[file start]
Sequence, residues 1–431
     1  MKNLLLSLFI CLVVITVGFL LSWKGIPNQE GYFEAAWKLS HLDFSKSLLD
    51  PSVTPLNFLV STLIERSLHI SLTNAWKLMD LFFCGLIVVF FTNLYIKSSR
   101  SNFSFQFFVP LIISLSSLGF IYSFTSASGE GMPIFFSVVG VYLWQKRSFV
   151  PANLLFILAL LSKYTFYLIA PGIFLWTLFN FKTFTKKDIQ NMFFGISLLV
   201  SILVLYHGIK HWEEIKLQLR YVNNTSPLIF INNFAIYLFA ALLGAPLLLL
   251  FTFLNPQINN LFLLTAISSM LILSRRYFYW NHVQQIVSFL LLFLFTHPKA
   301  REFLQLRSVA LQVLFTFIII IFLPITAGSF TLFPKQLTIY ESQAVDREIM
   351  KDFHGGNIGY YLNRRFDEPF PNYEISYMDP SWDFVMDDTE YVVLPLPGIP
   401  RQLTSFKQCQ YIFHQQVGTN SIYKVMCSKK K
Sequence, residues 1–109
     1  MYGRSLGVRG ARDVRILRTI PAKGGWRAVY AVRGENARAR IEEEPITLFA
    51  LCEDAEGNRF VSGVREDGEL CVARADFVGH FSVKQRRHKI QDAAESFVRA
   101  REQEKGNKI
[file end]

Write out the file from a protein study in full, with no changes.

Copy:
Sequence, residues 1–431
     1  MKNLLLSLFI CLVVITVGFL LSWKGIPNQE GYFEAAWKLS HLDFSKSLLD
    51  PSVTPLNFLV STLIERSLHI SLTNAWKLMD LFFCGLIVVF FTNLYIKSSR
   101  SNFSFQFFVP LIISLSSLGF IYSFTSASGE GMPIFFSVVG VYLWQKRSFV
   151  PANLLFILAL LSKYTFYLIA PGIFLWTLFN FKTFTKKDIQ NMFFGISLLV
   201  SILVLYHGIK HWEEIKLQLR YVNNTSPLIF INNFAIYLFA ALLGAPLLLL
   251  FTFLNPQINN LFLLTAISSM LILSRRYFYW NHVQQIVSFL LLFLFTHPKA
   301  REFLQLRSVA LQVLFTFIII IFLPITAGSF TLFPKQLTIY ESQAVDREIM
   351  KDFHGGNIGY YLNRRFDEPF PNYEISYMDP SWDFVMDDTE YVVLPLPGIP
   401  RQLTSFKQCQ YIFHQQVGTN SIYKVMCSKK K
Sequence, residues 1–109
     1  MYGRSLGVRG ARDVRILRTI PAKGGWRAVY AVRGENARAR IEEEPITLFA
    51  LCEDAEGNRF VSGVREDGEL CVARADFVGH FSVKQRRHKI QDAAESFVRA
   101  REQEKGNKI